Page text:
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If you are looking at sliding or overturning of the structure including the
foundation, then the inertia of the foundation should be included. If it is
below grade, the soil pressures on each side of the  foundation should be
included in the analysis, as well as the friction force at the base (due to
compression loads). In UBC 1997, see Sections 1629.1 and 1630.8.3, which
refer to the "foundation soil interface". UBC Section 1809.4 allows some
reduction in overturning moment based on the Ft force. (ASCE 7-95 Section also states to design building foundations for foundation
overturning "at the foundation-soil interface". It also allows a 0.75
reduction in overturning moment at the foundation level, but I haven't seen
this reduction factor in other codes. IBC 2000 Section 1617.4.5 addresses
overturning but is not as explicit about the foundation level as ASCE 7-95.)
If you can tolerate some movement under seismic loads, I would use active
earth pressure on one side and passive earth pressure on the other side. If
you cannot tolerate lateral movement, you could assume that at-rest soil
pressures remain on each side of the structure and only count on friction to
resist sliding. 

Although traditionally many people have assumed that buried structures move
"with the ground", research has shown that earthquakes can induce lateral
seismic soil pressures on the side walls of a buried structure. The Corps of
Engineers publication EM 1110-2-2502 (1989) for design of Retaining and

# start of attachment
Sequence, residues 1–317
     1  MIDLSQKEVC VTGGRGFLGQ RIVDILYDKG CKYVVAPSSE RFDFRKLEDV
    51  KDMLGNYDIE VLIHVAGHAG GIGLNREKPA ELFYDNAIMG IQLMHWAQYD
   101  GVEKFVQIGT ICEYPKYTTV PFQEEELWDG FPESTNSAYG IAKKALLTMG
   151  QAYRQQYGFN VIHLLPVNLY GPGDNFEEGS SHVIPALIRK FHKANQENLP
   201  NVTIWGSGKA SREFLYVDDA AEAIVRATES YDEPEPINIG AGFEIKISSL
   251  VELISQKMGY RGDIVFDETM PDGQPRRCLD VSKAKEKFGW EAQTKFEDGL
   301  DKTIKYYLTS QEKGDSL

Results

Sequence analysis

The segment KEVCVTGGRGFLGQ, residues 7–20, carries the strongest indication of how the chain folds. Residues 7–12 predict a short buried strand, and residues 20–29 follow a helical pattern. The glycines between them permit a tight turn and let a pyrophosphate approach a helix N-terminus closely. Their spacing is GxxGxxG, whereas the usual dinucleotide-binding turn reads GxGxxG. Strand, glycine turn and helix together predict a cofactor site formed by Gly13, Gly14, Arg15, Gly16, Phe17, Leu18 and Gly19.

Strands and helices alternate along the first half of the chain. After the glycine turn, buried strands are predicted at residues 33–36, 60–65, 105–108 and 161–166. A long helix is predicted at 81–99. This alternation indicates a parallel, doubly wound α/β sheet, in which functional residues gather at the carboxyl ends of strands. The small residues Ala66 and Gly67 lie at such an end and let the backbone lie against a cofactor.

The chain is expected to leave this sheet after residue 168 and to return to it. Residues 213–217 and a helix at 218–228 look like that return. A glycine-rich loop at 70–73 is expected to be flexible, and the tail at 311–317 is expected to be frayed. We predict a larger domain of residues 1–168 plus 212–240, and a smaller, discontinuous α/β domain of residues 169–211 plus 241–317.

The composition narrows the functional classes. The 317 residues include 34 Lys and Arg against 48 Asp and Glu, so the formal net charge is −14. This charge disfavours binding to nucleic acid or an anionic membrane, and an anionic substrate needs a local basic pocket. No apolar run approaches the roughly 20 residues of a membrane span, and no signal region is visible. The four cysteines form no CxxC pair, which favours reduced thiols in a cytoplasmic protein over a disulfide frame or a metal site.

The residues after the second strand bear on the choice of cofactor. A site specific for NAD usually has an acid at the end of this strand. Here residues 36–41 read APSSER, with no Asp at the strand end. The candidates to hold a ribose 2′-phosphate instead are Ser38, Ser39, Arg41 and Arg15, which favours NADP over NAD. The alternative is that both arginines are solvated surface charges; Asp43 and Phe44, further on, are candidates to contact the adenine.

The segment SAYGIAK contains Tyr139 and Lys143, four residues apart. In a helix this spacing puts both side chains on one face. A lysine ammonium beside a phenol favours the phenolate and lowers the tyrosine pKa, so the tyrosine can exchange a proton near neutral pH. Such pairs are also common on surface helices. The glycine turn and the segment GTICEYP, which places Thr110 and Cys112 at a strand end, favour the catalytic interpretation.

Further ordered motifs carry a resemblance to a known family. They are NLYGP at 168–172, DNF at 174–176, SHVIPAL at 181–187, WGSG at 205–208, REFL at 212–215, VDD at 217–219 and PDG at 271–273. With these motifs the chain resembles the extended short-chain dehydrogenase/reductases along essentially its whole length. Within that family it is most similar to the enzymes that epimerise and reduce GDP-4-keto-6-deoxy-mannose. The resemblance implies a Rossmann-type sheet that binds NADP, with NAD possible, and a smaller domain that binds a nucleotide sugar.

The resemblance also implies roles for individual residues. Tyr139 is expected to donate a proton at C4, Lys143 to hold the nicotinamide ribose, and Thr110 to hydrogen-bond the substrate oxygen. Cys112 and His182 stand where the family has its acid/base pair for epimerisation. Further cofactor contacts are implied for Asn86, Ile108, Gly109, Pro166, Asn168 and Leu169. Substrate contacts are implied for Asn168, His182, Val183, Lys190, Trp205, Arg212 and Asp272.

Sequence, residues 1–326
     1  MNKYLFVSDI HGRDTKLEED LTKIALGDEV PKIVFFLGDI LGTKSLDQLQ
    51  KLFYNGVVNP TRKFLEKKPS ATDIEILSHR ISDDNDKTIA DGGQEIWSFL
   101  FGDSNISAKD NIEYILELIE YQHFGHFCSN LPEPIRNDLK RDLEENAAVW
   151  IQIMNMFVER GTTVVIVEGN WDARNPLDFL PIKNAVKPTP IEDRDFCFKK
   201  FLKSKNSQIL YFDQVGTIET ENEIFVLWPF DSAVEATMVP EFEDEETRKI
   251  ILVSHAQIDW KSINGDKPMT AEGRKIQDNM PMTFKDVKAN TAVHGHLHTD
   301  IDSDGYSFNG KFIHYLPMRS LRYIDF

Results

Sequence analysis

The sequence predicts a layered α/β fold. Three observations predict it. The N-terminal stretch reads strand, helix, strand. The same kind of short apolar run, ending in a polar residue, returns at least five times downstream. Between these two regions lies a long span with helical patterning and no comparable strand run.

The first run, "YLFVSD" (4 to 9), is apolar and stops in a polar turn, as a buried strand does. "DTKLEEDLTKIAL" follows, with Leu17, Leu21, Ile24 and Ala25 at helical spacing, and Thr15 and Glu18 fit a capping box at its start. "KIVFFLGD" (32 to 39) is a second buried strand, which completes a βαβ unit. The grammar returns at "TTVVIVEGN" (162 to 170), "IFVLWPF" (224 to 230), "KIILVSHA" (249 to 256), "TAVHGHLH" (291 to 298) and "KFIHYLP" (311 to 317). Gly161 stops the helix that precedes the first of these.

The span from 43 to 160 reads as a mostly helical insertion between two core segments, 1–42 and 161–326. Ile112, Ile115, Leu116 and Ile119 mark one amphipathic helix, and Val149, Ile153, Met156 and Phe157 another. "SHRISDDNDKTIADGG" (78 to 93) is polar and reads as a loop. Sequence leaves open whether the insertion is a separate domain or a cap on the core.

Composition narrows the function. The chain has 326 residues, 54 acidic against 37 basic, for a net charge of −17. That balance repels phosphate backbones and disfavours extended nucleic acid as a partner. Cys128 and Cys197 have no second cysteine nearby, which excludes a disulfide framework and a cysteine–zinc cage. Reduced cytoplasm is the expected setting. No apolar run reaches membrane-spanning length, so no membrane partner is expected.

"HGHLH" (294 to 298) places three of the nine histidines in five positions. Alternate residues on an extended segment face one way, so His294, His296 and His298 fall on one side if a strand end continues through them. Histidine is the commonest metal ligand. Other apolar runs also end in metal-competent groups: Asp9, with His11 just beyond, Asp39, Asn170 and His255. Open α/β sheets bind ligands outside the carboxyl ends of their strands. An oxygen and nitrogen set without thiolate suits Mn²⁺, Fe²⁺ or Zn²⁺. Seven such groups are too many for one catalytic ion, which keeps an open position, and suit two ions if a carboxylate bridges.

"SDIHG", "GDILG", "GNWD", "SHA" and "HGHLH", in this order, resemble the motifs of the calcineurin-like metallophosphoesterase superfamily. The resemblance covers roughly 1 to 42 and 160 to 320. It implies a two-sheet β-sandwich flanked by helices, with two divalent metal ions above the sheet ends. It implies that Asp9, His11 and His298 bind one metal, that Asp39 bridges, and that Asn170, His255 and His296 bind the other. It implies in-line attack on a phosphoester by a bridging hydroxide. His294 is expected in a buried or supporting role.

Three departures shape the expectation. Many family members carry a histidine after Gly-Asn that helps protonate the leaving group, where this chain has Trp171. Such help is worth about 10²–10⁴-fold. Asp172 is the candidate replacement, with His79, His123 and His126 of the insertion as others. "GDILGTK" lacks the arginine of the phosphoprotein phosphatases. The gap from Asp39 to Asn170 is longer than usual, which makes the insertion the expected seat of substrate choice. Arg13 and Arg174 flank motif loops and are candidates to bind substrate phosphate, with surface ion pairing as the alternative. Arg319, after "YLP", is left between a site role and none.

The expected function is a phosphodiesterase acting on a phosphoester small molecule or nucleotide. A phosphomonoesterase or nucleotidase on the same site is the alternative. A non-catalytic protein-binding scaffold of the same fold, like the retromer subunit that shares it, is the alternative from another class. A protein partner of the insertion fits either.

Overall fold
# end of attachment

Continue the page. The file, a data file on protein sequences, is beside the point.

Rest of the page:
Flood Walls does provide some formulas for effects of earthquake forces on
lateral soil pressures. According to that publication for a structure which
can tolerate some movement,  the soil pressure increases relative to active
earth pressure on the driving side and decreases relative to passive earth
pressure on the resisting side. For buried nonbuilding structures, IBC 2000
says that seismic design shall be addressed in the geotechnical report and a
substantiated analysis be performed using approved standards - but what
"approved standards" are to be used is not defined. 

I don't believe that there are any code-prescribed safety factors against
sliding or overturning of foundations under seismic loading conditions. You
just need to do a rational design that meets allowable stresses (i.e., a
safety factor of 1.0). 

> -----Original Message-----
> From: Vinod Sahni [mailto:SAHNIVK(--nospam--at)]
> Sent: Thursday, December 07, 2000 6:32 PM
> To: Sherman, William; seaint(--nospam--at)
> William Sherman,
> Thanks for your comments.  I need a clarification though.  
> You mentioned
> that the inertia of the foundation will try to resist lateral 
> movement.
> Therefore, seismic force generated by the weight of the foundation
> should be considered.
> I agree with you in the case when an object is located above 
> the soil. 
> This object will resist motion of the ground because of inertia. 
> But when the foundation is buried and surrounded by soil (soil is
> compacted of course), then the foundation is part of the 
> soil.  It will move
> with the soil and there is no relative motion between the 
> foundation and
> the interface soil below.  And if there is no relative motion 
> between the
> surrounding soil and the foundation, the foundation itself 
> does not exert
> seismic force. 
> And based on working stress criteria (no load factors, etc), 
> what is the
> minimum code required FS against overturning at the bottom 
> corner of the
> foundation due to seismic?
> Thanks in advance.
> Vinod Sahni, SE